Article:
Anyone who purchased certain boric acid suppository products within the past four years.
What’s Going On?
Attorneys working with ClassAction.org believe some boric acid suppositories may have been illegally sold without being approved by the FDA. They’re now looking into whether class action lawsuits can be filed on behalf of people who purchased these products.
How Could a Lawsuit Help?
Class action lawsuits could help consumers get back some of the money they spent on these suppositories and potentially force the manufacturers to ensure that their products receive required testing and approval.
What You Can Do
If you bought a boric acid suppository from one of the brands listed below, fill out the form on this page to help the investigation.
Attorneys working with ClassAction.org are looking into whether certain boric acid suppositories were illegally sold without approval from the U.S. Food and Drug Administration (FDA)—and whether class action lawsuits can be filed against the manufacturers.
They believe that these products, which are marketed as able to balance vaginal pH levels and treat and prevent infections, may qualify as drugs under federal law yet have not undergone the FDA’s strict testing and approval process to ensure that they are safe and effective for their intended use.
As part of their investigation, the attorneys want to speak with people who purchased the following boric acid suppository products:
AZO Boric Acid Suppositories
Love Wellness – The Killer Boric Acid Suppositories
The Honey Pot Company – Boric Acid & Herbs Suppositories and Applicator
Cora – The Balancing Boric Acid Suppository
NewLife – Boric Acid Vaginal Suppositories
NutraBlast – Boric Life Boric Acid Suppositories
BoriCap Pharmaceutical-Grade Boric Acid Suppositories by Heale
Pelvana – Boric Acid 600mg Vaginal Suppositories
Intimate Rose – Boric Balance Suppositories
pHresh – Boric Acid Vaginal Suppositories
Loyal Body – Boric Life Boric Acid Suppositories
[UPDATE] As of February 14, 2024, attorneys working with ClassAction.org are only investigating potential claims related to the Cora and Loyal Body products listed above.
If you bought one of these products within the past four years, fill out the form on this page to share your story. You may be able to help get a class action lawsuit started.
Are Boric Acid Suppositories FDA Approved?
Boric acid suppositories are marketed as homeopathic products, which are not subject to the FDA’s stringent approval process for drugs. The purpose of the FDA’s approval process is to ensure that new drugs are effective and safe—meaning their benefits outweigh any known risks, such as side effects. New drugs, including both prescription and over-the-counter products, must be extensively tested prior to approval, and many of them require an FDA-approved label to ensure that users are provided with necessary directions for use and warnings about potential side effects and risks.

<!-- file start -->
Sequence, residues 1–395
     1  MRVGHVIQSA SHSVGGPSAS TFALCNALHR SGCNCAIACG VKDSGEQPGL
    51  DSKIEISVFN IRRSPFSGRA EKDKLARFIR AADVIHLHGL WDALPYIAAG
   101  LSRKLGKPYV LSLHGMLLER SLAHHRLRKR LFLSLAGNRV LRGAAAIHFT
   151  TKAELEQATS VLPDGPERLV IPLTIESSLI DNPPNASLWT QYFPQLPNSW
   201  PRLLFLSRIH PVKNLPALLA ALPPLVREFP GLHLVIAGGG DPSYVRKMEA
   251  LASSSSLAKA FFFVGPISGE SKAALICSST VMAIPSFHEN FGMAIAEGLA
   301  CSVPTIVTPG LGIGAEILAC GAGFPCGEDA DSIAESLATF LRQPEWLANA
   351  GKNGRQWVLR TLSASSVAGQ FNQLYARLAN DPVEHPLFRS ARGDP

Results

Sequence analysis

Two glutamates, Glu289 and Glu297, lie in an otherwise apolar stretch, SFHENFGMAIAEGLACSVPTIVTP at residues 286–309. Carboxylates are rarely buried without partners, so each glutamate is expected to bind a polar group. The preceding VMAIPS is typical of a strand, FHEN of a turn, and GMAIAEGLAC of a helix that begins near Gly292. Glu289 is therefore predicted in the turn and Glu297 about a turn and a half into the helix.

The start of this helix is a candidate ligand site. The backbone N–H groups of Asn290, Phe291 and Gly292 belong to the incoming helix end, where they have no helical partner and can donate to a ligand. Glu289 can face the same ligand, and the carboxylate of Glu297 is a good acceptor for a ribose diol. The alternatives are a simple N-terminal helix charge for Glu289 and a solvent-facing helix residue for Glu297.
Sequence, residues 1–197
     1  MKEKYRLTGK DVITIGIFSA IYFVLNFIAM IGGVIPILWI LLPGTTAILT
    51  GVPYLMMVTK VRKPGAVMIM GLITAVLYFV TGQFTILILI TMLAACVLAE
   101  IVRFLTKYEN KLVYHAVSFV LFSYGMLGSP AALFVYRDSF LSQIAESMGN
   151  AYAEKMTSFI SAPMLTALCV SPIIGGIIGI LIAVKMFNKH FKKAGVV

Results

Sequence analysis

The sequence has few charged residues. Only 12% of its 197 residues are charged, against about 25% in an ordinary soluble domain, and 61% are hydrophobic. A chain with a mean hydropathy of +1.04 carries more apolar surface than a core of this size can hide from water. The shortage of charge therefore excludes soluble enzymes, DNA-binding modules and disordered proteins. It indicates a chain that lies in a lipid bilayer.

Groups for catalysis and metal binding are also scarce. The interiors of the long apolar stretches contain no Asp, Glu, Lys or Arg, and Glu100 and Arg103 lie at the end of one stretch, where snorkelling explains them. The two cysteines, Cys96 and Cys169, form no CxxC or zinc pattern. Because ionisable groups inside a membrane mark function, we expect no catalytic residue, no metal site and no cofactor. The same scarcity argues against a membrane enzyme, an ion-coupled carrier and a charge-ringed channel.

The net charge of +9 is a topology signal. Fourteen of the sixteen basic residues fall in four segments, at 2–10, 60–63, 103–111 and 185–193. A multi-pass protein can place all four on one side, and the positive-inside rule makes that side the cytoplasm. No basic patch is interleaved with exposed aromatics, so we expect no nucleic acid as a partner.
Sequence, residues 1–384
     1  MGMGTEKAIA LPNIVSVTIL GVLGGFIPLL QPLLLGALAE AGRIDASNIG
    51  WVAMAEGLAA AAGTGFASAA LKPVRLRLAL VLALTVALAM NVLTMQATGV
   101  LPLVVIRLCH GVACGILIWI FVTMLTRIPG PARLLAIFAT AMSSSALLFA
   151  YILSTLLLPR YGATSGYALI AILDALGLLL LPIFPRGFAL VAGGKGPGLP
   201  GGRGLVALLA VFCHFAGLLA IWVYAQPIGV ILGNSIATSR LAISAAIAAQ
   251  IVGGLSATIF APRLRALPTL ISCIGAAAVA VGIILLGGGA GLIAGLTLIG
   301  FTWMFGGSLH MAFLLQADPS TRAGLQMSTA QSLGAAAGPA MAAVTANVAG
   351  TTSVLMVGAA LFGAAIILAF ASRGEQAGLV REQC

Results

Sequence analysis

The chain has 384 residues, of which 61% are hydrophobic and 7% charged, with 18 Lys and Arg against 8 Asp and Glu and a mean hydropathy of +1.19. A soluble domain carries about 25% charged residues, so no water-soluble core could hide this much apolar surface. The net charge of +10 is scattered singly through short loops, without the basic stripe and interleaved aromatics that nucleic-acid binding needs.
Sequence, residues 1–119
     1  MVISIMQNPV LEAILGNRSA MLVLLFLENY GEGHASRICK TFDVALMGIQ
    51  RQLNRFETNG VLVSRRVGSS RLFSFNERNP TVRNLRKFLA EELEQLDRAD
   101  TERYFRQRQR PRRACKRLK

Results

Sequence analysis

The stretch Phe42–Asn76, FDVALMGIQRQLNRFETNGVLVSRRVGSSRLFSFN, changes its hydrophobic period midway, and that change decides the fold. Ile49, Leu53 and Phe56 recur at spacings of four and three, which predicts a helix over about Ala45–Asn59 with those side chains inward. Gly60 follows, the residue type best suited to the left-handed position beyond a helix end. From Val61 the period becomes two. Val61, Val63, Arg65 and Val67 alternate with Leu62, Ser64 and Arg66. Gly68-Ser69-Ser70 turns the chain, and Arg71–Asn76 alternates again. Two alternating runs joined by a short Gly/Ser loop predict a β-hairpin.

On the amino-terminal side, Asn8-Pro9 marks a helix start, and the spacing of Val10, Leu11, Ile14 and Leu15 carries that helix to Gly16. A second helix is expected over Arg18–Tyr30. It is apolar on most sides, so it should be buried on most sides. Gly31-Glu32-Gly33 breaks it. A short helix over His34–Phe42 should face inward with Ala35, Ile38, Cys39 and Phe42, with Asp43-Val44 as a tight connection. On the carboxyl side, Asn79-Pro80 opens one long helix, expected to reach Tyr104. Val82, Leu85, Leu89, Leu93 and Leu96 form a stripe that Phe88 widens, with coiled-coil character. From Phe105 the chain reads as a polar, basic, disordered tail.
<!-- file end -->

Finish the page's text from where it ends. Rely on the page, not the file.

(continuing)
Under federal law, the definition of a “drug” requiring FDA approval includes products that are intended to diagnose, cure, mitigate, treat or prevent disease or affect the structure and function of the body. Depending on how they are marketed, boric acid suppositories could potentially fall under this definition.
In fact, in a warning letter sent to the maker of a certain boric acid suppository, the FDA noted that statements on the company’s website—including that the suppository could reduce vaginal irritation, discomfort and itch; “restore balance” to vaginal pH levels; and “may assist in treating” bacterial vaginosis and yeast infections—suggest that the product is a drug. The agency warned that the company was selling a product that is not generally recognized as safe and effective for its intended use and had not been approved by the FDA. The letter also stated that the suppository was misbranded because it did not have adequate directions for use.
Boric Acid Suppository Side Effects
FDA-approved labels for drugs often include information about risks and side effects, but these may not be listed on the packaging for unregulated homeopathic medicines like boric acid suppositories.
Because boric acid suppositories are not FDA approved and can come with certain risks and potentially harmful side effects, experts warn that patients should consult a healthcare professional before using them to treat vaginal health problems. Patients are also advised to call their doctor if their symptoms become worse or they experience a vaginal burning sensation or high fever after using a boric acid suppository.
How a Class Action Lawsuit Could Help
If filed and successful, a class action lawsuit could help consumers get back some of the money they spent on boric acid suppositories. It could also potentially order the manufacturer to stop selling an unapproved drug that has not received required testing for safety and efficacy.
What You Can Do
If you bought either the Cora or Loyal Body products listed above within the past four years, fill out the form on this page to help the investigation.
After you get in touch, an attorney or legal representative may reach out to you directly to explain more about what’s involved with filing a class action lawsuit. It costs nothing to fill out the form or speak with someone about your options, and you’re not obligated to take legal action if you don’t want to.